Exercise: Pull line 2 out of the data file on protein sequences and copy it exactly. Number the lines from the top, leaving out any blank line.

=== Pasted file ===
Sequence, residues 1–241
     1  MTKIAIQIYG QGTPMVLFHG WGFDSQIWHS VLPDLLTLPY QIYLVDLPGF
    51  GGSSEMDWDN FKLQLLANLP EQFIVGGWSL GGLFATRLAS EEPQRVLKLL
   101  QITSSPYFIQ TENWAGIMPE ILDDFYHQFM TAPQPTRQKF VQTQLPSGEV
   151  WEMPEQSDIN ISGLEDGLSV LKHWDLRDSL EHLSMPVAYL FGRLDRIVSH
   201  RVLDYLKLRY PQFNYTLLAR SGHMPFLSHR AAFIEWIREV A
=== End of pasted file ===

     1  MTKIAIQIYG QGTPMVLFHG WGFDSQIWHS VLPDLLTLPY QIYLVDLPGF